These guys are smarter than me, and possibly even better known. And yet, they seem to have been reading this blog. Says Tom Friedman:
To be sure, taking over the presidency at the dawn of the lean years is no easy task. The president needs to persuade the country to invest in the future and pay for the past — past profligacy — all at the same time. We have to pay for more new schools and infrastructure than ever, while accepting more entitlement cuts than ever, when public trust in government is lower than ever.
On top of that, the Republican Party has never been more irresponsible. Having helped run the deficit to new heights during the recent Bush years, the G.O.P. is now unwilling to take any responsibility for dealing with it if it involves raising taxes. At the same time, the rise of cable TV has transformed politics in our country generally into just another spectator sport, like all-star wrestling. C-Span is just ESPN with only two teams. We watch it for entertainment, not solutions.
While it would certainly help if the president voiced a more compelling narrative, I am under no illusion that this alone would solve all his problems and ours. It comes back to us: We have to demand the truth from our politicians and be ready to accept it ourselves. We simply do not have another presidency to waste. There are no more fat years to eat through. If Obama fails, we all fail [Emphasis mine].
Says Evan Bayh:
Of course, the genesis of a good portion of the gridlock in Congress does not reside in Congress itself. Ultimate reform will require each of us, as voters and Americans, to take a long look in the mirror, because in many ways, our representatives in Washington reflect the people who have sent them there.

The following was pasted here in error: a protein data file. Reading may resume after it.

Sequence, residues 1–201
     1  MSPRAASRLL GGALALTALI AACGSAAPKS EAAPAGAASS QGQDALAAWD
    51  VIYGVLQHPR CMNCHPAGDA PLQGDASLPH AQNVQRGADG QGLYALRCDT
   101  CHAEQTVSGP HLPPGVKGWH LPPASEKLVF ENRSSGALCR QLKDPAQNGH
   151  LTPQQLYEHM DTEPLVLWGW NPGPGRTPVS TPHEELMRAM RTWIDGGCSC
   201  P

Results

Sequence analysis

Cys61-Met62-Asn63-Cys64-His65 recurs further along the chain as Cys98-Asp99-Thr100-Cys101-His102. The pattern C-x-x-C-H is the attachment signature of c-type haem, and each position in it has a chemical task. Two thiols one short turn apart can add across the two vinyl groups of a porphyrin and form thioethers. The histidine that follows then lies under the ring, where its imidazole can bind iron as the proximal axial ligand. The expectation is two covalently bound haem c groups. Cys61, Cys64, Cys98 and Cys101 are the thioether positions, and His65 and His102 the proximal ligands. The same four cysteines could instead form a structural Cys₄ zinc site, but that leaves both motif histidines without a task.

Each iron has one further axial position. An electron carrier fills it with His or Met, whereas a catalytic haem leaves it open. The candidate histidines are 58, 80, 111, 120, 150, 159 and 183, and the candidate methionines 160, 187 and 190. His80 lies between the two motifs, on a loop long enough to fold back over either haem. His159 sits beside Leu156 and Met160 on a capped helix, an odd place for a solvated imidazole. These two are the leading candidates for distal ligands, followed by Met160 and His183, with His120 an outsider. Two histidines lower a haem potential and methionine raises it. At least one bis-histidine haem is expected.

The most ideologically devoted elements in both parties must accept that not every compromise is a sign of betrayal or an indication of moral lassitude. When too many of our citizens take an all-or-nothing approach, we should not be surprised when nothing is the result.
Our most strident partisans must learn to occasionally sacrifice short-term tactical political advantage for the sake of the nation. Otherwise, Congress will remain stuck in an endless cycle of recrimination and revenge. The minority seeks to frustrate the majority, and when the majority is displaced it returns the favor. Power is constantly sought through the use of means which render its effective use, once acquired, impossible.
What is required from members of Congress and the public alike is a new spirit of devotion to the national welfare beyond party or self-interest. In a time of national peril, with our problems compounding, we must remember that more unites us as Americans than divides us.[Emphasis mine.]
To listen to talk radio, to watch TV pundits, to read a newspaper's online message board, is to realize that increasingly, we are a people estranged from critical thinking, divorced from logic, alienated from even objective truth. We admit no ideas that do not confirm us, hear no voices that do not echo us, sift out all information that does not validate what we wish to believe. [Emphasis mine.]
I submit that any people thus handicapped sow the seeds of their own decline; they respond to the world as they wish it were rather to the world as it is. That's the story of the Iraq war.
But objective reality does not change because you refuse to accept it. The fact that you refuse to acknowledge a wall does not change the fact that it's a wall.
And you shouldn't have to hit it to find that out.